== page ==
First Post

October 23, 2017 by Richard DW Redcroft

Before i start, I’d like to take a minute to describe my journey with Linux. I started using Linux around May 2004 with the release of Fedora Core 2. Before that point I’d never heard Linux/UNIX or even the concept of an operating system outside of Windows. While i still use Windows to this day (gaming) i have never been a fan of windows, and was always tweaking the layout, performance and visuals. I used to heavily modify windows w ith tools such as Window-Blinds and start menu replacements.

Then i found Linux. While i initially started out using Fedora 2 in a dual boot configuration, my experience was limited to booting into Linux, dabbling around for a couple of hours then returning to windows. I had no idea how to actually use fedora. Then a few months later Ubuntu 04.10 Warty Warthog was released. I swapped over to Ubuntu mainly due to the free CD’s that Ubuntu used to ship. I quickly put Ubuntu on my desktop and la ptop and started using Linux more and more. While i still booted into windows for gaming purposes, i used Ubuntu as my primary desktop for web browsing, video watching and everything else.

Distro Hopping

While i found Ubuntu much better than windows, particularly with the gnome 2 desktop paradigm, i wasn’t truly happy with my experience. Ubuntu still had some of the same problems that windows had primarily that it felt bloated. While i can appreciate this is as ridiculous as it sounds I’ve always hated clutter and bloat. While Ubuntu is a relatively lightweight distro (particularly during the early days), there was a lot of function ality installed that i didn’t need or want. I don’t have a printer, or scanner or the need for most of the applications that came bundled by default. While i could just choose to ignore them i had this nagging feeling that all of this stuff was just there.

So i started distro hopping, and i jumped from distro to distro constantly never fully happy with any distro. Distributions that stood out were Gentoo and openSUSE. Gentoo felt like everything i wanted from a Linux dis tribution - full control over everything in the system. The biggest problem i had was that it took so damn long to compile everything. Back then i had a relatively low-end system, with a low amount of ram and a slow ha rd drive and i preferred the gnome desktop over KDE, and XFCE. This took days to compile, and left me without a working computer. OpenSUSE as the opposite of what i wanted, a bloated system using KDE, however i liked h ow different it was to most Linux systems and it has and still does have something about it that i like. However i still mostly stuck with Ubuntu, trying to remove packages from the base install and often breaking it r equiring a reinstall.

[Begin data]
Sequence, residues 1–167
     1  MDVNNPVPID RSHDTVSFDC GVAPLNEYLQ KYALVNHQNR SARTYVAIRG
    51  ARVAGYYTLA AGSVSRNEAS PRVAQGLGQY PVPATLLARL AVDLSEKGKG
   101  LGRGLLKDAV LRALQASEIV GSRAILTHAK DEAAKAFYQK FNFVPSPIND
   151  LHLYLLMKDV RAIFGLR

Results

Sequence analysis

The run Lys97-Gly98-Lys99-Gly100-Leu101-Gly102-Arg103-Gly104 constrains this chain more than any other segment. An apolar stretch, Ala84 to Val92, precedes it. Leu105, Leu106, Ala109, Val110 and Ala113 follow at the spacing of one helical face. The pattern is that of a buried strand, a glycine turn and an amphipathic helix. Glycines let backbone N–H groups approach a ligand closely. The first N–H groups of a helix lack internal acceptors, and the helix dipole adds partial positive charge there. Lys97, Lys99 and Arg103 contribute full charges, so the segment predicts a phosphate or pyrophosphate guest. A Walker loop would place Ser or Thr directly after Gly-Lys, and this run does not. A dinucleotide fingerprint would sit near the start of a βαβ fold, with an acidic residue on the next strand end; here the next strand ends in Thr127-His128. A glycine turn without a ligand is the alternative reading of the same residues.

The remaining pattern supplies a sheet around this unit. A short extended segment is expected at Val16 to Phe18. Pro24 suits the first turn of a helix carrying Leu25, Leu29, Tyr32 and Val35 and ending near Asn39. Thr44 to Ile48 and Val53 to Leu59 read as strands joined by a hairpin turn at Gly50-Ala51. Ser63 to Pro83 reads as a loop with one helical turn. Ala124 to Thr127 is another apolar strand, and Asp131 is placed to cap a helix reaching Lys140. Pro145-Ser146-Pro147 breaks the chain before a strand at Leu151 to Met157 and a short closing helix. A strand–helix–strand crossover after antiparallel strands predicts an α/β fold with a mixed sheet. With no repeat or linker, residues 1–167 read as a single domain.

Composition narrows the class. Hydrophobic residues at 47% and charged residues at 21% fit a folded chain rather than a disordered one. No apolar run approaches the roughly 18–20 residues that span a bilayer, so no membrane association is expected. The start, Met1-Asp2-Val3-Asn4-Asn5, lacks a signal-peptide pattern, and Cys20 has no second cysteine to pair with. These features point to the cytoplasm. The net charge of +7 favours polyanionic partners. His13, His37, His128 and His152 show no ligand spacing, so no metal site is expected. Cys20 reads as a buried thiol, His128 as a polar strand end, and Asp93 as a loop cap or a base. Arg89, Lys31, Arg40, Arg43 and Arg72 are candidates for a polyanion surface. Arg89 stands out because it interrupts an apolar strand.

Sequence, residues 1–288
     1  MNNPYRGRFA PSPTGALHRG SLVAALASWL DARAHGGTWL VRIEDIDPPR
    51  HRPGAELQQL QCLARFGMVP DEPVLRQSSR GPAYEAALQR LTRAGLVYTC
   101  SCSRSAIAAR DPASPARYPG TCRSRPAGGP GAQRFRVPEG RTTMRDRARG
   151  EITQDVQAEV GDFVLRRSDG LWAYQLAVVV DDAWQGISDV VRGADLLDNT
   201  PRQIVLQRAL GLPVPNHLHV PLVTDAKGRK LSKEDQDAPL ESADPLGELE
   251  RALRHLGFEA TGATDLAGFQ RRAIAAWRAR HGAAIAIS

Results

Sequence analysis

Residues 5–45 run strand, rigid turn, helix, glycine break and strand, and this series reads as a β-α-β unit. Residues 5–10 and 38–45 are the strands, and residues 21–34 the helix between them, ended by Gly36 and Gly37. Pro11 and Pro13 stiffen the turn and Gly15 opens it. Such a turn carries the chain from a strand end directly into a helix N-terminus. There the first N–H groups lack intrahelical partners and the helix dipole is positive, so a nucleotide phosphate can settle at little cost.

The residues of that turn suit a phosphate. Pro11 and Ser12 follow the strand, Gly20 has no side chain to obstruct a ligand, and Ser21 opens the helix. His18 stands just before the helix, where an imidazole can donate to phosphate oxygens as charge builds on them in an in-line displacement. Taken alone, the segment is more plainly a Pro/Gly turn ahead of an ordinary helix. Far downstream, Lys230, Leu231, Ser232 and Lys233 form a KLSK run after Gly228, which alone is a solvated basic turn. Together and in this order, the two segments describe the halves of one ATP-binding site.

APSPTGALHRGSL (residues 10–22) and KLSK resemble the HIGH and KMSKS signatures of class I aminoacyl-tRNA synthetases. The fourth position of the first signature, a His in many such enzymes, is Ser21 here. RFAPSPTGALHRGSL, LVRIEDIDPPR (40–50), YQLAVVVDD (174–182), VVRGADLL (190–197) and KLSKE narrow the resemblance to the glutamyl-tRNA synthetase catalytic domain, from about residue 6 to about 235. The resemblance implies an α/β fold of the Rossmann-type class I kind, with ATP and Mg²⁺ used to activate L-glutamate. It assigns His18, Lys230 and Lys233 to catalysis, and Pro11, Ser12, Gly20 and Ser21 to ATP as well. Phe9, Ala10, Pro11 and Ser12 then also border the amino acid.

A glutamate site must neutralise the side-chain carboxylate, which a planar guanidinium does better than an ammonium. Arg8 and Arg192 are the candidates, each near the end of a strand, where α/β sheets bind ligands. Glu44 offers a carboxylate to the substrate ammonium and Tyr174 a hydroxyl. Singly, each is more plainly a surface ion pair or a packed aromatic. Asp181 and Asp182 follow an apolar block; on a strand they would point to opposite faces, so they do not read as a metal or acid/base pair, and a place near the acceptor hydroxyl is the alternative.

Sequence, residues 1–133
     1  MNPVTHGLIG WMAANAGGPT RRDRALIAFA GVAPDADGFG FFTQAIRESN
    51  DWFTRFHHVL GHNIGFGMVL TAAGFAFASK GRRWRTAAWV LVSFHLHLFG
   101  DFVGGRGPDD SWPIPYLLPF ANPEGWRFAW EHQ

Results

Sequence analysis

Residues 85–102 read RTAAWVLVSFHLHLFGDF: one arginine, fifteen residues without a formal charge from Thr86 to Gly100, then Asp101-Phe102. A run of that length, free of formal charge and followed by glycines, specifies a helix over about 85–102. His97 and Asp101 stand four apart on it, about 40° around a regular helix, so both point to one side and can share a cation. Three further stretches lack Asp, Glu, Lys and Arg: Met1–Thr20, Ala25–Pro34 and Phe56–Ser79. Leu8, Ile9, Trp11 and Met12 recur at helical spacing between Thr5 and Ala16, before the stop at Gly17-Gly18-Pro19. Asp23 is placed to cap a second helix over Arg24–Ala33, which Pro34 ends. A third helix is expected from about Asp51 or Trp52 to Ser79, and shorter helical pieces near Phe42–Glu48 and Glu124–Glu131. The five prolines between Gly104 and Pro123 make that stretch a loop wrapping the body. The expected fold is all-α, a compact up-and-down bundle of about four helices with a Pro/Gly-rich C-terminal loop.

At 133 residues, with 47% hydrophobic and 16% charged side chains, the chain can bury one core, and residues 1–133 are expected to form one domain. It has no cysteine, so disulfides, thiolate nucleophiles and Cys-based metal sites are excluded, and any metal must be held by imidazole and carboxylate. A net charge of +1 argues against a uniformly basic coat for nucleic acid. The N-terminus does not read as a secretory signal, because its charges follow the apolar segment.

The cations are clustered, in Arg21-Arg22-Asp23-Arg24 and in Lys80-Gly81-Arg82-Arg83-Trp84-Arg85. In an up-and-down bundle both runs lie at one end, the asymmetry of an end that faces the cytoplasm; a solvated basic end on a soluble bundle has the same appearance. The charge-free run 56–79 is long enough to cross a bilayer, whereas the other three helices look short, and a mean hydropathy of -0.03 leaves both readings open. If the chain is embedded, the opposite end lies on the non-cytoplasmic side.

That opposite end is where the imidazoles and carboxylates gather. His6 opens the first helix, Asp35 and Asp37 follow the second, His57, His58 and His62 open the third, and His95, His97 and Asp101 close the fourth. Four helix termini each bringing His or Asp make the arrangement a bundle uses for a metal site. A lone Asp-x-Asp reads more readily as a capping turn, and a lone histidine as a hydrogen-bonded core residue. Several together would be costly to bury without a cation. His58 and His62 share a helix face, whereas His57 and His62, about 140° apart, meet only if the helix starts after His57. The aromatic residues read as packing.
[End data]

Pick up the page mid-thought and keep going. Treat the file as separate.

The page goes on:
Enter Arch

Then late 2007 i found Arch Linux.

WOW, here was a distribution that felt like it was made for me.

A lightweight system where i can control every aspect of the system without compiling everything. It had an excellent community and a BSD style init system. System configuration was all done from a single file (rc.conf ). I stopped hopping, and became a full Arch Linux convert. I full embraced the Arch way, and ditched large bloat apps in favour of smaller more nimble software choices. I ditch gnome for openbox, nautilus for pcmanfm, rhythmbox for mpd and ncmpcpp. I started using the terminal more and more, and gui applications less and less. Over the years i swapped window managers, file managers and applications. That is until i settled upon my favourite setup - a tiling window manager (mostly i3), st terminal, tmux, vim and chrome.

I’ve stuck with Arch Linux from 2008 till very recently, occasionally trying other distros but always returning to a minimal Arch system. I’ve even used an Arch system in a production environment for years without any issue (actually no issues, where as the ‘recommended’ rhel/cent system has been a massive pain - more on that in another blog post). Even when Arch started recommending pulseaudio, and swapped to systemd i embraced it. Looking back i prefer the older BSD style init system and configuration compared to the fragmented approach of systemd, but at the time swapping over to systemd wasn’t a concern. I still like systemd and would rather deal with it over other init systems in a production environment, but having tried Void Linux recently i realise i don’t want to run systemd on my machines.